Four rogue gipsy builders, whose pensioner victims died penniless when they were conned out of £138,000 for shoddy work, have been jailed for a total of 12 years.
Charles Doherty, 28, John Lee, 44, Michael Rooksby, 28, and Charles Michael Hugh Doherty, 33, swindled the huge sum of money from 28 homes across the Midlands, Norfolk, Cambridgeshire and Leicestershire.
They used cold-calling tactics on vulnerable homeowners to ‘fix their roofs’, before ordering them to pay extra for ‘negligible’ work.
Five of their victims died during a Trading Standards probe, including one elderly man who was stripped of his life-savings by the scam.
Charles Michael Hugh Doherty (left) was involved with the group for around three months and was handed 27 months in prison. Michael Rooksby (right) is currently serving time in jail and refused to show up at court for sentencing
The travellers created various flyers advertising local tradesmen with various business names in a bid to hide their identity.
They would then approach pensioners and give a quote for a small job and once work began the price would escalate.
The group, based in Irchester, Northamptonshire, targeted a total of 24 pensioners – aged between 71-93, across the Midlands, Norfolk, Cambridgeshire, and Leicestershire.
Yesterday, the callous conmen were jailed for a total of over 12 years at Northampton Crown Court.
Sentencing, Judge Roger Tregilgas-Davey said: ‘This involved cold-calling elderly, vulnerable people at their homes deliberately to take advantage of them.
‘Some of them had memory problems, mobility problems or Alzheimer’s. Their ages ranged from 71 to 93.
‘You charged extortionate prices for work that often just made the situation worse or was never needed.
‘The actual loss, if you were to tot it up, could be more than £138,000.’
The court heard how the four men would follow a four-step process when targeting their victims.
The group would cold-call at their house and offer to fix a minor problem on the roof.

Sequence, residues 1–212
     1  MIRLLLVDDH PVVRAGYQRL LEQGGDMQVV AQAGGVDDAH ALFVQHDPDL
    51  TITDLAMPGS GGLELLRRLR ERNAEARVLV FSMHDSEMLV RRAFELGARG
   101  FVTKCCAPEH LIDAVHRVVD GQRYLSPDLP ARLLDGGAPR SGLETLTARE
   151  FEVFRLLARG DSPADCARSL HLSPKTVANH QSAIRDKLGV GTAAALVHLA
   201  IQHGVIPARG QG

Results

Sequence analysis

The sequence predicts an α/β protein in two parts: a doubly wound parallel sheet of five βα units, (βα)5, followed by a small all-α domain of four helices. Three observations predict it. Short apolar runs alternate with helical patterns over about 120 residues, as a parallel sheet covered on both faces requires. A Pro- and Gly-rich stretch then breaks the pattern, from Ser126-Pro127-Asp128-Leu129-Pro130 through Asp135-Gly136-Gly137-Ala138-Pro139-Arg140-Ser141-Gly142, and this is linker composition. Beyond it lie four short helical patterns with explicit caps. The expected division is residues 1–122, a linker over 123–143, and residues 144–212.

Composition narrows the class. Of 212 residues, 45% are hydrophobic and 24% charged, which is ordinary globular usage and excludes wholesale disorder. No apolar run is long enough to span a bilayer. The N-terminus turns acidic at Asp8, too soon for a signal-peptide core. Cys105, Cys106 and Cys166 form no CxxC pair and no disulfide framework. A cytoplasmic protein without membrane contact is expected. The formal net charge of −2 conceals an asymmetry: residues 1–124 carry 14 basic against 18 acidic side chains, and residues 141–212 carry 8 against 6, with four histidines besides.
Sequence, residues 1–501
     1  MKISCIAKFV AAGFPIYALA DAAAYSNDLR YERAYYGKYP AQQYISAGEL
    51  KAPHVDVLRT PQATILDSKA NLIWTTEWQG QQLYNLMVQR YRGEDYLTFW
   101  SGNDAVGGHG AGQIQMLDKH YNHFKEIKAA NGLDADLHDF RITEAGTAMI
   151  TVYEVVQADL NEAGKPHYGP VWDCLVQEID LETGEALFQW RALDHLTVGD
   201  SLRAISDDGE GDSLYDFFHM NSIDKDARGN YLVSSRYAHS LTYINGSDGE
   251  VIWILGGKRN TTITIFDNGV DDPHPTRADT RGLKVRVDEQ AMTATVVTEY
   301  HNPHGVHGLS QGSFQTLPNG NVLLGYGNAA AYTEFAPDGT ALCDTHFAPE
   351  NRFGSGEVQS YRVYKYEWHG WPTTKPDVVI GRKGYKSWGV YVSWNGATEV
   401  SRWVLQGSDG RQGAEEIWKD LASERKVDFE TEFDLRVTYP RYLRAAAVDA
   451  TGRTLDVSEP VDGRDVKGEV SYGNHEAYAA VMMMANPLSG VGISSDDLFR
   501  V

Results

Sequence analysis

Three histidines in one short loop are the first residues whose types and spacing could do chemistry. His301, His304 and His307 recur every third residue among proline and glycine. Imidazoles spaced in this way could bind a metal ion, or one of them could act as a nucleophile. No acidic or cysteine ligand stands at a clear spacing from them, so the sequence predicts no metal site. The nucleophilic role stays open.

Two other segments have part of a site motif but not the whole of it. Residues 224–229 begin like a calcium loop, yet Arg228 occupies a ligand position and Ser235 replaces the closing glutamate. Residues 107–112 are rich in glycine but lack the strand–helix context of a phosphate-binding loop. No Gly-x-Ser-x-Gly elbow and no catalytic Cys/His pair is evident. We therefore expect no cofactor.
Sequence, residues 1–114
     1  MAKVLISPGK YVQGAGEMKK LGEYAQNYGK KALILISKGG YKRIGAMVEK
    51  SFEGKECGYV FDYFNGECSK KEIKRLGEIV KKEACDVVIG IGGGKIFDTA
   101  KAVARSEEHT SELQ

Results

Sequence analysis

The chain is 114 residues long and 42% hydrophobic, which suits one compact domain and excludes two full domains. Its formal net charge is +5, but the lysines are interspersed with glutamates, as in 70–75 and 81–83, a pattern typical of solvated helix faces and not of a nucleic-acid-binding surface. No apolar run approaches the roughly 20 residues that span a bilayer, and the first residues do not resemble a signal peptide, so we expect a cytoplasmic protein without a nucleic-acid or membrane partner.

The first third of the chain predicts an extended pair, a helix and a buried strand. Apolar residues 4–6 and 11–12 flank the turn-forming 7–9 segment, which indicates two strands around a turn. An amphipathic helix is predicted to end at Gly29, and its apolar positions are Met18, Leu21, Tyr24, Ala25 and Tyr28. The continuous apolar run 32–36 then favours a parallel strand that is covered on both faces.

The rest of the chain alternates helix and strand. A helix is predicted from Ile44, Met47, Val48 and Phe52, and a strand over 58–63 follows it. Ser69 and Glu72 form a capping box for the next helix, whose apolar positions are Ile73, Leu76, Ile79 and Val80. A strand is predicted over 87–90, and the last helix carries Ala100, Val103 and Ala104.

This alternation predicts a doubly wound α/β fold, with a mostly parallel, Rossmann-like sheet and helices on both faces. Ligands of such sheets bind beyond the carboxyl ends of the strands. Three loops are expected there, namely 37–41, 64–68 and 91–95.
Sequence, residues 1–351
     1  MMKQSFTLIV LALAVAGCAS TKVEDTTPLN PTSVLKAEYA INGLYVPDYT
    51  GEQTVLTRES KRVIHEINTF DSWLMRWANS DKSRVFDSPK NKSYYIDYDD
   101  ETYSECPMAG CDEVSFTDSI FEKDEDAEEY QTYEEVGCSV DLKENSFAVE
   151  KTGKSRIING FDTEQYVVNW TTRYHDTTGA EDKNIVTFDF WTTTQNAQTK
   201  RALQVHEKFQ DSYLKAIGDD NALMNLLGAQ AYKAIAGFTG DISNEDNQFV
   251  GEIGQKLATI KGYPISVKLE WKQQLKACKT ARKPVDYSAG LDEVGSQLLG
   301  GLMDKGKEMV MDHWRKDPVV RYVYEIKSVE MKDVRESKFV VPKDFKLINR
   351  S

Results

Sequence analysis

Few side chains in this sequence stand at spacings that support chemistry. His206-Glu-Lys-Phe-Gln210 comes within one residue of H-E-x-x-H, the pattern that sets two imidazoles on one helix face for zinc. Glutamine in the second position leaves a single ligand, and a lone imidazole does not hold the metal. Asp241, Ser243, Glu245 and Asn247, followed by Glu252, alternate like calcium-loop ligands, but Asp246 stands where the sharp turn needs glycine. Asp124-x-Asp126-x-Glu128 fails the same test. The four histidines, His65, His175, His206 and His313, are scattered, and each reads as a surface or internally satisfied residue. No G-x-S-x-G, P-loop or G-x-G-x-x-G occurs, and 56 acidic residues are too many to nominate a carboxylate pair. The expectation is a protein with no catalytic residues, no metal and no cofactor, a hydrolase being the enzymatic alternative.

They would charge a small fee for the work – but then spot more serious problems that would need extensive repairs, often demanding thousands of pounds in cash.
Lee, who provided the group with vehicles, was jailed for three years and four months
But none of these problems existed. The court heard how they would then begin ‘tapping the well’ – making repeat visits to the house to charge them more money.
One victim was an 82-year-old man from Northampton, who they ‘tapped’ for over £30,000 in three visits to his home.
When he tried to make a fourth withdrawal of £13,000, his bank told him he had insufficient funds.
They had left him penniless and taken all his life savings.
Fearing for his safety, his family put him in a care home where he later died of cancer during the investigation.
A victim impact statement from his daughter, which was read out in court, said: ‘Dad was fiercely independant. He didn’t want to leave his home.
‘He was deprived of what would have been the last few months in his home. He couldn’t say goodbye to his friends or neighbours.
‘He couldn’t believe he had been so stupid. He was not a wealthy man.’
Trading standards caught and convicted the four men using fingerprint evidence from the flyers as well as eyewitness and home CCTV footage.
They all pleaded guilty to fraud charges. Lee, who provided the group with vehicles, was jailed for three years and four months.
Charles Doherty was involved with the group for around three months and was handed 27 months in prison
Charles Michael Hugh Doherty has convictions for similar schemes and helped swindle £75,000 for their victims in total losses. He was sentenced to four years and 10 months.
Charles Doherty was involved with the group for around three months and was handed 27 months in prison.
Michael Rooksby is currently serving time in jail and refused to show up at court for sentencing.
He had three years and 11 months added to his sentence.
Councillor André Gonzalez de Savage, Northamptonshire County Council cabinet member for public protection, strategic infrastructure and economic growth said after the case: ‘These rogue traders would deliberately target the homes of elderly and vulnerable people with the primary aim of defrauding them by tricking them into paying for unnecessary, poor quality and overpriced home repairs.
‘Our advice to homeowners is never to pay for goods or services from a doorstep trader.’